Rise of the Ronin Preview – Rise up and defy the Shogun

Rise of the Ronin combat header

The mid-19th century was a period of enforced change and upheaval in Japan, as the United States and the West took rather forceful measures to open the country up to trading and end a traditionally isolationist policy. The move would impact everyone in the country from the Shogun, through the clans, and the regular people. Not everyone was happy with the possibility of such change, with Rise of the Ronin featuring the Veiled Edge, a group of skilled blade wielders and assassins who will defy the Shogun.

The opening couple of hours of Rise of the Ronin give a taste of what is to come, but before you get into the story, the first step is to create your character. Every facial feature can be meticulously tweaked and tailored to your preference, and you could easily lose an hour just perfecting your look.  On the other hand, you can use the randomiser to create a character for you, with results that would definitely make you stand out of the crowd. You actually create two characters as this falls into the Veiled Edge’s philosophy of Blade Twins. The Blade Twins are paired up from a young age to train together, and eventually go on missions together, working in perfect harmony.

It might be borderline blasphemous to say, but the more important choice is between the four combat styles you can adopt. Each one gives different advantages, has better proficiency with different weapons, and unlocks a special skill early. For example, the Killer style has better proficiency with katana and odachi. Choosing a style does not lock you out from using other weapons, nor does it close off any skill paths, so you can mix and match the skills you want to build a ronin that fits your playstyle.

Rise of the Ronin training

The core of Rise of the Ronin is combat and in typical Team Ninja fashion, it’s a trial from the get go. You do get a tutorial of sorts using your chosen weapons, and the opening mission does go over the basics of both combat and the game’s structure. For example, enemy strength is donated by the icon above them, from basic enemies to leaders. Killing leaders means enemies will not respawn in an area when you interact with a checkpoint. Leaders are formidable enemies, but the lower ranked enemies are nothing to be sniffed at either, as they can do quite a bit of damage close up and from range.

In combat, everything is reliant on Ki, which is essentially stamina. This bar depletes as you attack, defend, dodge, or run in combat and the same applies for enemies. If you deplete an enemy’s Ki, you break them temporarily allowing you to get in a powerful attack. However, this works in reverse too, and if you are not careful you will find yourself on the end of a powerful attack yourself. It really is the saying ‘only fools rush in’ made manifest, especially against bosses.

Rise of the Ronin broken Ki

You need to take notice of how an enemy attacks, and how you can counter – time a counter swing correctly and you will immediately break an enemy’s Ki to give you a major advantage. However, you can’t just rely on a single tactic for every enemy, or even in a single battle. Sometimes, you need to get distance and use ranged weapons, dive in for a quick flourish of melee and then back off again. Endlessly pressing the attack button will only get you killed. Shuriken are good for small damage from range, but when you get a gun and pair that with a sword for example, the possibilities really open up.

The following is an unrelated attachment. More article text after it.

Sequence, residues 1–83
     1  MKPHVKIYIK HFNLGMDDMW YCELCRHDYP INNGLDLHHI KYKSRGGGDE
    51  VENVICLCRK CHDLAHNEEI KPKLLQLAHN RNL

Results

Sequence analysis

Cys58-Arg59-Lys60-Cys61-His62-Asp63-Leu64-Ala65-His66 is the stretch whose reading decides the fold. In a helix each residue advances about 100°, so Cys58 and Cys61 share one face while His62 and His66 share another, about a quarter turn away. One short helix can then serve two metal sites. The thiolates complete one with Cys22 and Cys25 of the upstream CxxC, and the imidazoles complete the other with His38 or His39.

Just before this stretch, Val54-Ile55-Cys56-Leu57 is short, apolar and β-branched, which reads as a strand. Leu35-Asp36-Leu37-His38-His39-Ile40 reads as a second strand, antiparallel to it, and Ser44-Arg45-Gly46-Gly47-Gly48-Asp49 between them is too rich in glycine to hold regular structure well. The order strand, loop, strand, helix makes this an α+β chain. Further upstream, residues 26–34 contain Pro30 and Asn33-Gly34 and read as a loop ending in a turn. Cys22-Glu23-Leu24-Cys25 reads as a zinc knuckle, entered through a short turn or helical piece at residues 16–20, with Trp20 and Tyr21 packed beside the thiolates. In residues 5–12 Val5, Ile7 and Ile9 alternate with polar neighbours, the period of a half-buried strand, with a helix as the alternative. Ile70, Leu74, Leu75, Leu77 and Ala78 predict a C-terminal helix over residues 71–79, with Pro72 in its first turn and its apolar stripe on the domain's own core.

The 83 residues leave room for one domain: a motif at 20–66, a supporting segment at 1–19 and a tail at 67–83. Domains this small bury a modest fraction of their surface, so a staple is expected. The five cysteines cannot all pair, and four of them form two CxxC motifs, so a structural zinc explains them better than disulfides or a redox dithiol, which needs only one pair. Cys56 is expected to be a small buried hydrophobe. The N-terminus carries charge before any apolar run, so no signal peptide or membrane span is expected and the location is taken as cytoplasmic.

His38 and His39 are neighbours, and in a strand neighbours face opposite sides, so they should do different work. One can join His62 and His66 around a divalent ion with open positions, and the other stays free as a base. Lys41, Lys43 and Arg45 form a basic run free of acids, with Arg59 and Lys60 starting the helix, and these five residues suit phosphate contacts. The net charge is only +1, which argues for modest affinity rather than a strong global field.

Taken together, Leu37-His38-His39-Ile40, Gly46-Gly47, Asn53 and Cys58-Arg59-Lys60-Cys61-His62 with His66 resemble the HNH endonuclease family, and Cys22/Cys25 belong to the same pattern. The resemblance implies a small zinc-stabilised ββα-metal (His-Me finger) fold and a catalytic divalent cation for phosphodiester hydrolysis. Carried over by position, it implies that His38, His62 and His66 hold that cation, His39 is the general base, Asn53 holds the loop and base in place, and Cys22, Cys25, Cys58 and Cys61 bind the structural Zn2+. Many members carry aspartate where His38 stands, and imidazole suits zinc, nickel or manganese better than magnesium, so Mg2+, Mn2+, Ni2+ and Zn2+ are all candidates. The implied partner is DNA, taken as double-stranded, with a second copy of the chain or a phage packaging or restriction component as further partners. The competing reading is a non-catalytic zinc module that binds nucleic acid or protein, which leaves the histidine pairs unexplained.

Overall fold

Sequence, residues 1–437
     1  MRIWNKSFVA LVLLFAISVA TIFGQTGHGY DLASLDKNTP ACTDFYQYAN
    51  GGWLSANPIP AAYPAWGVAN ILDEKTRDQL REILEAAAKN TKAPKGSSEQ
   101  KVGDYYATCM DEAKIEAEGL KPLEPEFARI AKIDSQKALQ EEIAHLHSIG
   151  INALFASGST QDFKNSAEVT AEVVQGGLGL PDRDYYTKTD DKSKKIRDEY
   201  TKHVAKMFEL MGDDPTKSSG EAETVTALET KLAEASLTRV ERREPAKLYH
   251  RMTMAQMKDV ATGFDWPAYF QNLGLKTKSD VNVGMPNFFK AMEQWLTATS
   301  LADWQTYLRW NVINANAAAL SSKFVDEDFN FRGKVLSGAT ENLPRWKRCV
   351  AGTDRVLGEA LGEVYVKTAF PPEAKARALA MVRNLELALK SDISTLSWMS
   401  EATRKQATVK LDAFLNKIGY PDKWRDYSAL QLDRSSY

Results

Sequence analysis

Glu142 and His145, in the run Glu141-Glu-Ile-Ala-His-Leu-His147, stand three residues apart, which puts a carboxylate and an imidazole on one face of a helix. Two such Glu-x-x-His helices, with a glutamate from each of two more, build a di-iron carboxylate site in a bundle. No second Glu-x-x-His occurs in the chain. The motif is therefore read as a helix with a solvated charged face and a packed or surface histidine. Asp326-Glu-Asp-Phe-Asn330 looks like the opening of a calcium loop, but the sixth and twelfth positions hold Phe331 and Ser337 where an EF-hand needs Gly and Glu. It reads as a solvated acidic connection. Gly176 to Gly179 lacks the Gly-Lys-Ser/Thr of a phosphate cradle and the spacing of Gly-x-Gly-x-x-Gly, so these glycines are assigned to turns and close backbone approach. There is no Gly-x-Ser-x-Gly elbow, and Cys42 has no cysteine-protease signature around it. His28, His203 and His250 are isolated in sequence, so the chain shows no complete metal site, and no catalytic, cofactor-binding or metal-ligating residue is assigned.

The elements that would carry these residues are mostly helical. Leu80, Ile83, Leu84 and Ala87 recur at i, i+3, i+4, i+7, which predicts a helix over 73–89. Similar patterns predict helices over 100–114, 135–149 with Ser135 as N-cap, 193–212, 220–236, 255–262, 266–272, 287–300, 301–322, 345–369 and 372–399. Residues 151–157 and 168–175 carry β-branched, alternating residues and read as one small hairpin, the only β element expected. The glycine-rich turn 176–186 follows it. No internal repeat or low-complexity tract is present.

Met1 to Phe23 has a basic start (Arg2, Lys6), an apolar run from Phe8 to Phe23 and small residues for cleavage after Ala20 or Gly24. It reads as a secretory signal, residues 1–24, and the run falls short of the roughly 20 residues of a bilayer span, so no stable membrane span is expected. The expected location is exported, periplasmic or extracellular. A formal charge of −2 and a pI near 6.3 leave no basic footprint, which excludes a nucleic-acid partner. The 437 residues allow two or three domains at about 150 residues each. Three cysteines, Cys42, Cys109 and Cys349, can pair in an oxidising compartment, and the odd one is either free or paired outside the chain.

You will have allies fighting alongside you in some battles, and it’s a little unexpected to be able to quickly switch between characters in a fight. If the character you are controlling is in a bit of trouble, you can switch to an ally who may have been dealing with a weaker enemy so they can instead attack another enemy from behind. If an ally falls you can only revive them if you have the right item, so even if you start with the numbers advantage, you could very quickly lose it if you are not stocked up. You can apply temporary buffs to weapons too, like adding poison or fire damage.

Rise of the Ronin open world

The opening of Rise of the Ronin also introduces the open world, and it is far from a safe place. Bandits roam the land, and cause whole villages to go into hiding. You can liberate these places by killing the bandits, which brings people back and opens new opportunities for missions and trading. Additionally, there is a Bond feature which applies to both allies and the different regions. The more you help people in a region, the more rewards you get and the more likely the locals are to be favourable to you. You will find set side quests as well as encounters on the road, which will improve your bond with the land as well as rewarding you with gear.

So far, it all sounds great, right? Yet, from the opening hours, it feels like Rise of the Ronin is missing that little something that would make its atmosphere more engaging. There are major events that take place at the start, but they lack impact. The world looks great, it is filled with activities and encounters, and yet there is this lack of immersive pull. That’s something that might hopefully come as you dive deeper into this time period, story and setting.

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From the heady days of the Mega Drive up until the modern day gaming has been my main hobby. I'll give almost any game a go.